news Paul Mescal: ‘Aftersun’ Was Never Going to Be ‘Ingrained in the Campaigning World’ for Oscars

Paul Mescal is proud of how “Aftersun” has refused to set.

The Best Actor first-time Oscar nominee looked back on the independent film, marking writer-director Charlotte Wells’ feature debut and co-star Frankie Corio’s breakout role. While “Aftersun” topped critics’ list for being the best film of 2022, its sole Oscar nomination was for Mescal.

“Look, ‘Aftersun’ was never going to be a film that was ingrained in the campaigning world,” Mescal told Vanity Fair. “We did our promotions on the festival circuits, and then there was just nothing you could read; I did lots of Zooms and stuff while I was doing the play [‘Streetcar Named Desire’], but I don’t know. There’s something that I would describe as very elegant about how ‘Aftersun’ has just hung around.”

Mescal called “Aftersun” the type of film that breaks through every year.

“You try and measure it all versus say, well, how ‘The Worst Person in the World’ did the year before, or something like that,” Mescal said. “To be part of one of the films this year that operated in the space — the films that I’m most excited to see every year — was really satisfying. Weirdly those are the things that I’ve always dreamt about. To A, have something that gets into these things, but B, to get in across the board and for it to be with somebody like Charlotte [for her] first film, it’s just like — yeah.”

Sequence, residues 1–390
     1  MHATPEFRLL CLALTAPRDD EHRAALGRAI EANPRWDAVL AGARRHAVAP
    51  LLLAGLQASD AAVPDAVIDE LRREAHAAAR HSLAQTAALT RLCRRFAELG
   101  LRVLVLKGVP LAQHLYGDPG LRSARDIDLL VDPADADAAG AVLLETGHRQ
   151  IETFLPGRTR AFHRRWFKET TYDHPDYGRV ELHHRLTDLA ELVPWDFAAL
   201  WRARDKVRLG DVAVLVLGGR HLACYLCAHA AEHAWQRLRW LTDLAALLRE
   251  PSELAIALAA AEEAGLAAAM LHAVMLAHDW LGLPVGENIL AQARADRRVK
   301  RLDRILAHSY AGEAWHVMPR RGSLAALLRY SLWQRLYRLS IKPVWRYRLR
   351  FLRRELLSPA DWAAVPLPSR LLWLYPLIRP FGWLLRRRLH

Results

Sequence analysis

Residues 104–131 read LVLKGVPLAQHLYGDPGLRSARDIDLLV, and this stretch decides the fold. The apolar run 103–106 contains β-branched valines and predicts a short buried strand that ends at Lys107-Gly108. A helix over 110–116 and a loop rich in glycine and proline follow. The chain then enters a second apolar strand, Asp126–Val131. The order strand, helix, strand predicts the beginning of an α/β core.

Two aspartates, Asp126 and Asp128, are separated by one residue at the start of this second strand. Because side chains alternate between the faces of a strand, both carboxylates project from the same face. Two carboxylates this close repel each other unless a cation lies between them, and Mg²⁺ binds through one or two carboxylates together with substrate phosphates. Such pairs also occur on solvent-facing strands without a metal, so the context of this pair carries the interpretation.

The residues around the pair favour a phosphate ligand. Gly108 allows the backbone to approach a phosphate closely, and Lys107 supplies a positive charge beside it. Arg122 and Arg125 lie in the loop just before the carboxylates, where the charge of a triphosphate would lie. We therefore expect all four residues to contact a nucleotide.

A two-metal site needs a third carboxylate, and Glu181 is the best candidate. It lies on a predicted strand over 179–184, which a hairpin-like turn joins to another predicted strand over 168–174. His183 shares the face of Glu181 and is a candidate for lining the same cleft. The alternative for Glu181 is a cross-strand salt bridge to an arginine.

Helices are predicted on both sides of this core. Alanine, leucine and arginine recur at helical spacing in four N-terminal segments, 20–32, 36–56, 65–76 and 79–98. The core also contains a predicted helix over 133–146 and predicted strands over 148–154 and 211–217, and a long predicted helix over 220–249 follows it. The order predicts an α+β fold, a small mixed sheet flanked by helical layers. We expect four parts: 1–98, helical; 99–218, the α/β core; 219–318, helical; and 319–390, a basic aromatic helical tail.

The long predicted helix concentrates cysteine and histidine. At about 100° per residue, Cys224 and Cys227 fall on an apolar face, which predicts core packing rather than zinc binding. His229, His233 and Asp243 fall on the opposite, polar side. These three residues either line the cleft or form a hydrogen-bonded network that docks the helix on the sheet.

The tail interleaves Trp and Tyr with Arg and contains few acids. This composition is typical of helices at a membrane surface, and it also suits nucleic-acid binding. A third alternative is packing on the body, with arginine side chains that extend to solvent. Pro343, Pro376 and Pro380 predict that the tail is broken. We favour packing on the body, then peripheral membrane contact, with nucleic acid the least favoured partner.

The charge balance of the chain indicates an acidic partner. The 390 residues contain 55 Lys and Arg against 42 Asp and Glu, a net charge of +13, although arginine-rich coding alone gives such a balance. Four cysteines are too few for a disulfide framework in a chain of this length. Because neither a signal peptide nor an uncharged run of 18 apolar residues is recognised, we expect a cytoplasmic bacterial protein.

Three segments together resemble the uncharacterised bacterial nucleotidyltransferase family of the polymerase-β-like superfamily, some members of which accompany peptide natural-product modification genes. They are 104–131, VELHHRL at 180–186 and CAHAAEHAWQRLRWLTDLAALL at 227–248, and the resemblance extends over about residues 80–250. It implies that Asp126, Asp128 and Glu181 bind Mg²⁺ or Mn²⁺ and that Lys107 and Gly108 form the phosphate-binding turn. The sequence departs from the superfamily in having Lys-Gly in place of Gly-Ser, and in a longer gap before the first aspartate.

Mescal continued, “Honestly I couldn’t be prouder of films that I’ve made to date — and I feel nervous because I want these lives for the films. So I enter the next steps with anxiety. I know I’ve got a taste of what it is to go off and work with an auteur, make it, and feel pride for the shooting process. But then you kind of want to nurse it through its commercial life.”

The “Gladiator 2” star previously told IndieWire that he reveled in the surprise Cannes premiere for “Aftersun.”

“We got to make it and nobody knew of it,” Mescal said. “I don’t think that happens a lot anymore. I love a blockbuster as much as the next person, but my only point is that we have to be careful about just leaving a bit more space for films like ‘Aftersun’ to break out, films like ‘Close’ to break out. I really don’t think I’m snobby about it. It’s actually to do with just being worried that that space [for independent film] is being encroached upon. And if we don’t keep the ecosystem balanced, we’re just gonna have one kind of film.”